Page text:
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Duterte’s Unfinished Revolution

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Calixto V. Chikiamco

Introspective

President Rodrigo Roa Duterte has unfinished business.

No, it’s not the drug war, which he looks likely to lose, given his hammer to the fly strategy and his failure to put any big fish drug smuggler and kingpin to jail.

His unfinished business is to complete the anti-Yellow revolution which he promised to set out to do. After all, he was elected on the promise of systemic change — “change is coming” was his slogan — and on the people’s obvious disappointment with their lot thirty years after the 1986 EDSA People Power Revolution.

So far, he has targeted only the political foundations of the EDSA People Power or Yellow Revolution. Indeed, one can understand his political actions through the prism of his anti-Yellow revolution. He has targeted the Catholic Church, seeking to demean and degrade the institution. It’s not because he was, as he says, a victim of a Catholic priest’s abuse in his youth, but because the Catholic Church was part of the coalition, together with the anti-Marcos big business, that was responsible for the EDSA People Power Revolution.




He has also targeted ABS-CBN and the Philippine Daily Inquirer, two media outfits strongly associated with the Yellow revolution. ABS-CBN because former President Cory Aquino allowed the anti-Marcos Lopezes to reclaim it after the People Power Revolution, and the Philippine Daily Inquirer, because its rise to a major daily traces its roots to its role in that revolution. In the case of the Inquirer, he made a particular point of targeting its owners, the Prietos, regarding its lease of the Mile Long property, which sits on government-owned land.

Indeed, President Duterte tries to be the anti-Yellow, even in foreign policy. He has shifted the country’s foreign policy away from former President Noynoy Aquino’s staunch pro-American and anti-Chinese foreign policy. The Yellows’ pro-Americanism can be traced to the help that the Yellow forces allegedly got from US officials in a critical juncture of the uprising against Marcos: Senator Paul Laxalt’s crucial call to former President Ferdinand Marcos “to cut and cut cleanly” and to the US forces spiriting former President Marcos against his will out of Malacañang and into exile in Hawaii.

However, he has not completely swung Philippine foreign policy to the Chinese side, given the strong pro-American and anti-Chinese sentiment of the public and the strong bond between the Philippine armed forces and the US military. A number of treaties also tie the Philippine government to its US alliance.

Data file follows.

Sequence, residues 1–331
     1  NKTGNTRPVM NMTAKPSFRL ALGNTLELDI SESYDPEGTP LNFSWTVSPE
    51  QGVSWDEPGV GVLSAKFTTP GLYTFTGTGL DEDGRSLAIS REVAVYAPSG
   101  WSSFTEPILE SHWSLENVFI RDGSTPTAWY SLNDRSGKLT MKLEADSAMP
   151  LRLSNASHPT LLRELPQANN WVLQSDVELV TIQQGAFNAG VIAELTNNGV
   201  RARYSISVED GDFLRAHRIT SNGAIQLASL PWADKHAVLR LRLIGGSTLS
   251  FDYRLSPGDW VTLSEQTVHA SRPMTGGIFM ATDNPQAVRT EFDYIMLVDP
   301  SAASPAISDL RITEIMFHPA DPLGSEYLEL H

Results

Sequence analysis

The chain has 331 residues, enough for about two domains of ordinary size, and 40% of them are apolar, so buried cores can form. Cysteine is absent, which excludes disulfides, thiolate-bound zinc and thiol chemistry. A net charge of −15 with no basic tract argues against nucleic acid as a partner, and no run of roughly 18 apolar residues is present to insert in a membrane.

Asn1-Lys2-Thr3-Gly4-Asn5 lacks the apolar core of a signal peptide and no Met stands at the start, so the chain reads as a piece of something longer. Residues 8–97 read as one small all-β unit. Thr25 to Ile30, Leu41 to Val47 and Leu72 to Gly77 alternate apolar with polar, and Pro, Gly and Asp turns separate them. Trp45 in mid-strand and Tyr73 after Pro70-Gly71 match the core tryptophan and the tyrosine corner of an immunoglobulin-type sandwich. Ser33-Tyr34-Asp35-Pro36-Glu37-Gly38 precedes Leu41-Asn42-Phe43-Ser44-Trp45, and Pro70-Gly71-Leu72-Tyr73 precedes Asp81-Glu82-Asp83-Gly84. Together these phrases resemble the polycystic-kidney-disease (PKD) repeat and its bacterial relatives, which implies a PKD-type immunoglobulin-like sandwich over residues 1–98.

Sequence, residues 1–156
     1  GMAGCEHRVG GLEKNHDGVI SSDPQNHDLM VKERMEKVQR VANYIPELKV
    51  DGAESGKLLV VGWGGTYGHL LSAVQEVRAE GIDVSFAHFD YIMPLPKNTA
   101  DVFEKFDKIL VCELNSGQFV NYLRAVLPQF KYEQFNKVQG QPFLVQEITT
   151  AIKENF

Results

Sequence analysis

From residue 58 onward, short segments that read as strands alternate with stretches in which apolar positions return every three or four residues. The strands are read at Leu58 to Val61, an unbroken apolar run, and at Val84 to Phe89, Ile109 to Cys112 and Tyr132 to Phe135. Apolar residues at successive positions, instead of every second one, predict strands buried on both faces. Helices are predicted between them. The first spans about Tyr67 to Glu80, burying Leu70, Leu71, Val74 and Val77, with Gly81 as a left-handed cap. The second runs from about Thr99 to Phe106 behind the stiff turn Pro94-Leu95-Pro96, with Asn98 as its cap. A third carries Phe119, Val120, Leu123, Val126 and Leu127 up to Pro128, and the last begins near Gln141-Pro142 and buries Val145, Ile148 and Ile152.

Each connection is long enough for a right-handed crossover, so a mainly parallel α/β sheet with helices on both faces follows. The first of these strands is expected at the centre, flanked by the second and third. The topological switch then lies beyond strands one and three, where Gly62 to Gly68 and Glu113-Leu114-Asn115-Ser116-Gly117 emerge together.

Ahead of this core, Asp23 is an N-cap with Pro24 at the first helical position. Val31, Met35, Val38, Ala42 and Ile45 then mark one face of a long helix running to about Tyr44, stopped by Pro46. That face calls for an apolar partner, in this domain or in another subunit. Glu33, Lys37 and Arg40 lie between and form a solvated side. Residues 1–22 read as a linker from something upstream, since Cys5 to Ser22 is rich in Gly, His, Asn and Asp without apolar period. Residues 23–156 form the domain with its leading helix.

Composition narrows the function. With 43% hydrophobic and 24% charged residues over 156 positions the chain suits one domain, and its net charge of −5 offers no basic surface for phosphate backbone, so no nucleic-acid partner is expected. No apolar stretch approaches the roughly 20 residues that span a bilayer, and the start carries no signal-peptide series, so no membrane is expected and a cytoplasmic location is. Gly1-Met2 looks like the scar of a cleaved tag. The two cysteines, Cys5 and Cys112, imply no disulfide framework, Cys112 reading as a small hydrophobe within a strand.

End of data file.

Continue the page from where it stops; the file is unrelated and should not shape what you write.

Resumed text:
To his credit, however, President Duterte has expanded his own political coalition to include former prominent “yellow” figures or Cory Aquino acolytes. His Foreign Affairs Secretary, Teddyboy Locsin, used to be former President Cory Aquino’s speechwriter and spokesman. His Presidential adviser on entrepreneurship is Joey Concepcion, whose father was a prominent member of former President Aquino’s cabinet.

However, if all President Duterte does is demonize the Yellows (read: the Liberal Party and its allies), and strengthen his political power at their expense, then his anti-Yellow counterrevolution is a fake, i.e. it’s nothing more than just a struggle of political factions over rent-seeking positions, and not the “systemic change” or revolution that he promised.

The reason for this is that President Duterte has yet to act on the economic foundations of the EDSA Revolution: the 1987 Constitution and the 1988 Comprehensive Agrarian Reform Law (CARL), which were instituted shortly after former President Aquino took power.

These two economic foundations laid by the Yellow revolution are the reason why the EDSA revolution essentially failed. Thirty years after the Revolution, there has been no inclusive growth, poverty remains endemic, rural poverty is widespread, strategic services are controlled by monopolies or duopolies, and government services, whether issuing licenses or running the MRT, remains abysmal. As a result of the Yellow revolution’s failed promises, a tenth of our population sought greener pastures abroad to work as OFWs, even at great social cost.

Although the stark cronyism and corruption practiced by a single political faction was no longer evident with the return of liberal democracy in 1987, nonetheless, corruption, albeit by alternating factions of the political elite, remains rampant, amidst deteriorating public services.

This background of economic and social failure engendered by the EDSA revolution was what a foul-mouthed, tough talking Mayor Duterte exploited to win the presidency in 2016. To a weary public, he promised that finally “change was coming.”

Let us now try to understand the twin economic foundations of the EDSA Revolution: why they were instituted and why they failed.